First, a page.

I have only ever built 1 other Rig and it was about 4 years ago. I had a significant amount of help from my brother, but am trying to avoid bugging him now as he is busy. Any input would be appreciated. I chose the 5870 so that I could crossfire it if needed in the future.
I'm going a slightly different direction. I'd recommend ditching Intel though, as they're going to replace the current sockets by the end of the year. I used the i5, but I highly recommend checking out a X4 955 build. It'd shave a good $100 off the price.
Eh I think that's the wrong way to take things. Number one item for game performance is the GPU, but the 5970 is a known price/performance bomb.
Mobo is also pretty expensive, especially for a single-GPU setup. That's probably where the 100$ shaved comes from. i5 offers better performance as the 955 would bottleneck a 5970 (not that that's a good purchase).
I compare similar parts when comparing the build. For example, if I use a Gigabyte or Asus (comparable quality) board with 8x/8x CF and USB 3/SATA III for Intel, I use a Gigabyte or Asus with 8x/8x CF and USB 3/SATA III for AMD. Asus's board above is comparable to the GA-790XTA-UD4. That's a $45 difference. Add that to the $42 difference in the CPU's prices, and that's $87. Close to $100, especially since AMD tends to have better combos.
The X4 955 would NOT bottleneck the 5970. Hell, almost any current CPU won't bottleneck the GPU. The 955 and i5 are basically on the same level in terms of performance. The i5 is slighly better, but offers no future proofing ability.
As for the 5970's value, I'd say paying $650 for a good $740 (dual 5870s) worth of GPU power is well worth it. Also, you won't need an upgrade for a good 5-6 years. I fail to see a price/performance failure there...
Except that the 5970 can play Crysis at 5760x1080 without a sweat. And you can still throw a second one in the build.
A single 5970 is better than dual 470s. It will also OC a lot higher. Same for the dual 460s. Also, you never want to start a build with dual cards simply because you have no upgrade path. By far, the best buy in high end GPUs right now is the 5970. I can honestly say that you will never need to replace the 5970 in the life of the build. Even if you did, you could throw a second one in it and add a good 3+ years on to the life.
And 5870 crossfire is a good bit faster the a 5970.
A second one isn't really reasonable -- quadfire is not enjoyable for gaming in that you get poor scaling and microstutter. I mean, the 5970 already has to deal with dual-GPU issues by default.
I'll agree dual cards have drawbacks over single, but the price/performance increase on this one is simply more worthwhile. There's simply no real upgrade path from a dual-GPU setup, either way.
And if you think you'll upgrade to a crossfire setup someday, it's not worth it unless you do it within 6 months. Every 12 months graphics cards double in power for the same cost. So in 2 years you want a second 5870, but find out that there's a cheaper, new single-GPU card that outperforms it for less.
Realize you'd be getting into quadfire -- which sucks.
I can't find the CPU scaling review right now, but the i7s really allow the 5970 to stretch it's legs.
At any sane resolution, the GPU is much more important than the CPU (for the majority of games). For a pure gaming build, there's little reason to go with the i5-750/760 if it allows you to afford a better GPU. Conversely, if going AMD doesn't allow you to get a better GPU, then you might as well go i5.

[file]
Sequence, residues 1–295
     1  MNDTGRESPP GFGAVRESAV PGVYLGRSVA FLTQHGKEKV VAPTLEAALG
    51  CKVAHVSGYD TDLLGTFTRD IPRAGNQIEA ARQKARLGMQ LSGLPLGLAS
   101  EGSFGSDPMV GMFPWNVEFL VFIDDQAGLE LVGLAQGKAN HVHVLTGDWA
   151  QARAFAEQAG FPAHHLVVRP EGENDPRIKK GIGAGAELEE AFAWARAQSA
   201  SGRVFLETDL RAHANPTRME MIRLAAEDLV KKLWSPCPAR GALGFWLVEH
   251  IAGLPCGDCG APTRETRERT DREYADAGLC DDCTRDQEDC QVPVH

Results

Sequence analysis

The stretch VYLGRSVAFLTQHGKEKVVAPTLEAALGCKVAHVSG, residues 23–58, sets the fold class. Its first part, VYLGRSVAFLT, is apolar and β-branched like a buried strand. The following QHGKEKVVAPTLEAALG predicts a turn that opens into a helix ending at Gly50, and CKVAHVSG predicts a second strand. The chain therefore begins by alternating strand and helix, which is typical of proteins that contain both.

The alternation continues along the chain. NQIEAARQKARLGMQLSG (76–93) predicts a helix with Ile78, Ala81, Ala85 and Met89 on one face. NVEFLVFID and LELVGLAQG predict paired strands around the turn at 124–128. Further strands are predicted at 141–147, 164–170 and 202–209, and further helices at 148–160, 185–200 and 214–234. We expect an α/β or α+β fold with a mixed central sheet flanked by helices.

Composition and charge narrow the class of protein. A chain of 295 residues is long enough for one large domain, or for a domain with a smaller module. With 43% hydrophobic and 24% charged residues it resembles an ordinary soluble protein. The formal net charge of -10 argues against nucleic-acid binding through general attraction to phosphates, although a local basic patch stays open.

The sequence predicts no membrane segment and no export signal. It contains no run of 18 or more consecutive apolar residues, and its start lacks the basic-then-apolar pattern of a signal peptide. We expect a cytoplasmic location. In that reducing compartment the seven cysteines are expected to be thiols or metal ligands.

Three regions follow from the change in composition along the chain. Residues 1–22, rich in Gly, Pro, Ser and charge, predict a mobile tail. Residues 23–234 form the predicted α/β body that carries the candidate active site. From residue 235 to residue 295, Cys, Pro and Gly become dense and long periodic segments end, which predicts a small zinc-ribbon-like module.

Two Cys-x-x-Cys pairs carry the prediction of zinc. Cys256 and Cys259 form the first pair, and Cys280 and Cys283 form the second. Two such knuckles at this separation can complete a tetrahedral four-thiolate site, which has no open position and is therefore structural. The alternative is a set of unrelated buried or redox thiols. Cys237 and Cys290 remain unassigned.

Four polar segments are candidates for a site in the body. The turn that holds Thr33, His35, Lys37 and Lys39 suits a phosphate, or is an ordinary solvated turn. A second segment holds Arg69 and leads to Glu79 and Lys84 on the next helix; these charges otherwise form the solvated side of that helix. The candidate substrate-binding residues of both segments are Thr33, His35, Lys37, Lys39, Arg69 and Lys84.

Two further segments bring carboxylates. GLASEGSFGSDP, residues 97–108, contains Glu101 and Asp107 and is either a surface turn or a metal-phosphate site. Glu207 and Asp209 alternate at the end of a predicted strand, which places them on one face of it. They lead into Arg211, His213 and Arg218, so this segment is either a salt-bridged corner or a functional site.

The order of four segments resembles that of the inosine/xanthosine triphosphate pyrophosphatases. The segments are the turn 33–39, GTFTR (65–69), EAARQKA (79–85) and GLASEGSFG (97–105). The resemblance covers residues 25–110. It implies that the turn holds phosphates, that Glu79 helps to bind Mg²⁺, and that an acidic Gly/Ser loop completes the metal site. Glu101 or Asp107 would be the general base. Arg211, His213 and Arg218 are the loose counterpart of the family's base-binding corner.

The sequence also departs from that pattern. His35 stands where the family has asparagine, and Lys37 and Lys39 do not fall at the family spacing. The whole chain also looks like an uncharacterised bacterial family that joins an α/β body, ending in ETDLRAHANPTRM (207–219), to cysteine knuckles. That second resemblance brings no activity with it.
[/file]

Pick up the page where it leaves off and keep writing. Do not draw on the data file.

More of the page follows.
Phenom II X4 955 vs. i5-750 - the only game on the benchmarks that is vastly different in fps is Far Cry 2. Admittedly, there are more comprehensive benchmarks out there, but I have seen very few that indicate more than a few fps difference in the majority of games.
The only thing an 8xx chipset gives you is the ability to drop in an X6 without a BIOS update (which you can do for free). That's it. Any AM3 board will accept Bulldozer when it comes out. And it's likely to be the first and second generation of Bulldozer, as AMD has said the AM3 socket is their main socket for the next couple of years.
Unfortunately, the PSU/RAM combo is gone. So the next best/cheapest solution would be the same thing outside of the combo. Of course, the XFX is a good PSU as well, but it's that not the end all and be all, especially for $20 more.
I was mentioning how Am2 is still relevant in that it can be upgraded with current CPUs, but that a new socket is replaced it. Like socket AM3 shortly.
ATI cards fall off as well. Quadfire scales poorly (better than SLI at 3+ cards, for sure), but more importantly has nasty amounts of microtutter. Nvidia's SLI scales better than crossfire at 2 cards, which IMO is much more relevant.
That may be true, but the review I say (from some place in Iceland, I don't have the link) should that the 5970 with a single 5870 (Trifire) still had great returns, and it didn't change when the 5870 was replaced with a 5970. I don't know why, but I'm guessing it has something to do with it being one two cards, despite being four GPUs.
I agree that dual cards is much more relevant, except when you're talking about the 5970. Realistically, you'd need to SLI two cards to even match the 5970. So where do you go from there? That's why scaling past two cards matters.
Of course, this is mostly an academic argument. Do I think that someone should throw a third card into a build? No. It's just not economically feasible.